Two months ago lots of families got pets as Christmas gifts. Now, many of those puppies and kittens and other would-be furry friends are, sadly, bunking at animal shelters … or tragically worse.
Some New York lawmakers think a tax change could help get those and other pets abandoned year-round into new homes.
Eager dog in animal shelter, photographed by Dave Cooper via Flickr.
Pet adoption tax credit: New York City Councilwoman Julissa Ferreras (D-Queens) has introduced a bill that would give Empire State residents a state tax break for adopting a homeless pet.
The measure has the support at the state legislative level of N.Y. State Senator Kevin Parker, also a Democrat, who represents part of Brooklyn.
The bill would provide a tax credit of $100 per animal adopted each year. The credit would apply to three animals per taxpayer return, or a total maximum tax credit of $300. It would be available to all domesticated animals available for adoption in any New York shelter.
Parker has proposed similar measures in prior sessions in Albany, but they stalled. The added Big Apple support could get it moving this time.
Animal Care & Control of New York City reports that it took in more than 30,000 homeless dogs and cats last year. Of that collection of homeless pets, about 21,000 were taken by animal rescue groups and 6,100 were adopted from the shelter.
The bill also has the backing of animal advocates. "This well-considered measure would give every New Yorker the opportunity to help reduce the number of homeless animals in our shelters," Bill Ketzer, senior director of ASPCA Government Relations for the Northeast region, told the Daily News.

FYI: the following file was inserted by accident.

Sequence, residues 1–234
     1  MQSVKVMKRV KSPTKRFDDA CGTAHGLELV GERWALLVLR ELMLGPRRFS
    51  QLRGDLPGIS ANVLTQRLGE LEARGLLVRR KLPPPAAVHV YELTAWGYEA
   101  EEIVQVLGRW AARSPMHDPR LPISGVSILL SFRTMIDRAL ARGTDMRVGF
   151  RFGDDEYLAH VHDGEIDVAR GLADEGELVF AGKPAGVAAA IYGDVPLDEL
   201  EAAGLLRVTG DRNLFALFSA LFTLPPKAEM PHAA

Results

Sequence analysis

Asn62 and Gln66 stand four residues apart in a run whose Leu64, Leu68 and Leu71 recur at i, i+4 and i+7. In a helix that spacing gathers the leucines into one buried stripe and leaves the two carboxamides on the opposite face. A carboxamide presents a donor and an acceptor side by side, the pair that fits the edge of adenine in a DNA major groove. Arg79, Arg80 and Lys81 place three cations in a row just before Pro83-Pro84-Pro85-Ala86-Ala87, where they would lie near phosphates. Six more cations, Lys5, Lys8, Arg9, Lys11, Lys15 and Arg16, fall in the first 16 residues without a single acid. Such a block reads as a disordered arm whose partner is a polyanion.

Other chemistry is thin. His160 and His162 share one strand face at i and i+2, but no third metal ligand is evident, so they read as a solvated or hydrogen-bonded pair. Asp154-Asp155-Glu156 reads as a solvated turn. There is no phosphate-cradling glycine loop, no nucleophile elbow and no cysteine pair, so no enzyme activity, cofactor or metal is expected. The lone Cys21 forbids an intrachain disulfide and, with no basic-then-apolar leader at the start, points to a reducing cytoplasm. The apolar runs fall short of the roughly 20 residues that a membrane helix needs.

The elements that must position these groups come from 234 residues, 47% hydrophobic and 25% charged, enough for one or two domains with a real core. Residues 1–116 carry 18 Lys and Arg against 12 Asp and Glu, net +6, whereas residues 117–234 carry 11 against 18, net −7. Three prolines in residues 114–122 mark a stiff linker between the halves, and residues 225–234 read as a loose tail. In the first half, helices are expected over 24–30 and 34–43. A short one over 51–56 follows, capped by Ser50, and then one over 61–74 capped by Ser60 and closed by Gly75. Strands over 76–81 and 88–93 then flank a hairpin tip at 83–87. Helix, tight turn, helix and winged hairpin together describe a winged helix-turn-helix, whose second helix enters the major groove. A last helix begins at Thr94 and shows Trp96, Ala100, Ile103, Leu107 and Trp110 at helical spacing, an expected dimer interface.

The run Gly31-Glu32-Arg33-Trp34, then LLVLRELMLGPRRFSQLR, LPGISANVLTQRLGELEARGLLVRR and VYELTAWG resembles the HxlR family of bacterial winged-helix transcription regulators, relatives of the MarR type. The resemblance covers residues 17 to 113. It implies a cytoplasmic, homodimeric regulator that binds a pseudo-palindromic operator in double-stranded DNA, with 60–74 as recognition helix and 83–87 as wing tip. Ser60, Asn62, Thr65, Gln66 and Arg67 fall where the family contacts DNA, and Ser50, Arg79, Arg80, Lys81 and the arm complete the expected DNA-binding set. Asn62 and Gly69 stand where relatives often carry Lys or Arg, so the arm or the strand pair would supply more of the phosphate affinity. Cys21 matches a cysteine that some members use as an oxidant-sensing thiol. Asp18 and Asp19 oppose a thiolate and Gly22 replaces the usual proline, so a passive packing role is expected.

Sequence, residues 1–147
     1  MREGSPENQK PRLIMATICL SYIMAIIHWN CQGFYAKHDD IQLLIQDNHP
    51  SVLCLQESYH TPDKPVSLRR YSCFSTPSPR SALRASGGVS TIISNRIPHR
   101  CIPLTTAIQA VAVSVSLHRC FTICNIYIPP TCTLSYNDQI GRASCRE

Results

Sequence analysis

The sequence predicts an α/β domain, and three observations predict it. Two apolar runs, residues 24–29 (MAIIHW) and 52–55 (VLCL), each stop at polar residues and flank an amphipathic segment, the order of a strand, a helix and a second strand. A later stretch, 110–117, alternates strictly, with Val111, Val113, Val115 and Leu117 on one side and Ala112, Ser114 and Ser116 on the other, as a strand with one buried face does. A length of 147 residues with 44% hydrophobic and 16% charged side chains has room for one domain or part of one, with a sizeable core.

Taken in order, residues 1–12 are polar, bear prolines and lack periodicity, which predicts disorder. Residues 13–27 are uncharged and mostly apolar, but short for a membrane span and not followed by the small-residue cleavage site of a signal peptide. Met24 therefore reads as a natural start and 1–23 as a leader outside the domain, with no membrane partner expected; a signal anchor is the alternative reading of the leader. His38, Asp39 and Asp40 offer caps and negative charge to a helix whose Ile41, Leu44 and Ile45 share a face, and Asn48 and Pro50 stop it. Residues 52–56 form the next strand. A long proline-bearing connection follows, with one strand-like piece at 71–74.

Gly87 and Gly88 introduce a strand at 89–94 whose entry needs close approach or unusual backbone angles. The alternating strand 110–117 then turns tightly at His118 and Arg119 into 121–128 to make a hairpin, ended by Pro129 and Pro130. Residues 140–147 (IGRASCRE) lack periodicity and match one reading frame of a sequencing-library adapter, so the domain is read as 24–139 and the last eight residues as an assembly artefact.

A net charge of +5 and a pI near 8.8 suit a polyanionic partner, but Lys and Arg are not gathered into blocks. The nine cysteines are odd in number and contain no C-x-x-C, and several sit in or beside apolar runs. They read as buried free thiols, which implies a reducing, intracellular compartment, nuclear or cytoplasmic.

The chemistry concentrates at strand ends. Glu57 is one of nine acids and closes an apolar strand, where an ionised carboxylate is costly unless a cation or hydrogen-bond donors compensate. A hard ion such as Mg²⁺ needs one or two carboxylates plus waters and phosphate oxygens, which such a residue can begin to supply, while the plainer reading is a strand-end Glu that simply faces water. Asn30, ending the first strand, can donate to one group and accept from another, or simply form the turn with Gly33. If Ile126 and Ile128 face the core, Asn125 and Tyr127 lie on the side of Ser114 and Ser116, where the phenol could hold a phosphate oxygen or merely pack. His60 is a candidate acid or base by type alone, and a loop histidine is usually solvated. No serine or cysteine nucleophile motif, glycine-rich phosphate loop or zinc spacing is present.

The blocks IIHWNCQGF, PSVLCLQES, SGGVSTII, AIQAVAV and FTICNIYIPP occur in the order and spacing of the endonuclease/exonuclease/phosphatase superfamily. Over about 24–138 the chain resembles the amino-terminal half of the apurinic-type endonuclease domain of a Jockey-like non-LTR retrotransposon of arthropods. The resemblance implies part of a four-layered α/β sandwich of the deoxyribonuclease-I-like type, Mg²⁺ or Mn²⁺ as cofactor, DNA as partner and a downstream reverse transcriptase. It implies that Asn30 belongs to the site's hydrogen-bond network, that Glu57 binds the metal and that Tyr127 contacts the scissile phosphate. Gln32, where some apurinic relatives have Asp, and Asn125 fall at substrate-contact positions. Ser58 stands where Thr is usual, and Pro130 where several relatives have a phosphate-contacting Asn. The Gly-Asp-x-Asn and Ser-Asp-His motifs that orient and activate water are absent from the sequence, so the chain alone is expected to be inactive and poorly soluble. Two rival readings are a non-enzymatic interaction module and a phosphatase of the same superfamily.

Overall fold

If passed, New York would become the first to give a tax credit for adopting a homeless animal.
Passing out pet tax breaks: My pet loving friends think this is a good idea. The more adamant of them think tax breaks for pets should be expanded to the federal tax code.
I get it.
The hubby and I had a wonderful, loving cat as part of our family for almost 20 years. While we didn't have to sock away any college money, we did spend plenty on his care and well-being. We would have loved to have claimed Zeke as a dependent or taken some other tax benefit for him being our furry kid.
Pets, however, in most cases do not qualify for Internal Revenue Code benefits.
It seems only fair that the nonhuman kids and their caregivers get at least a little tax love to go along with the puppy (and kitty, etc.) love shared by millions of pet owners.
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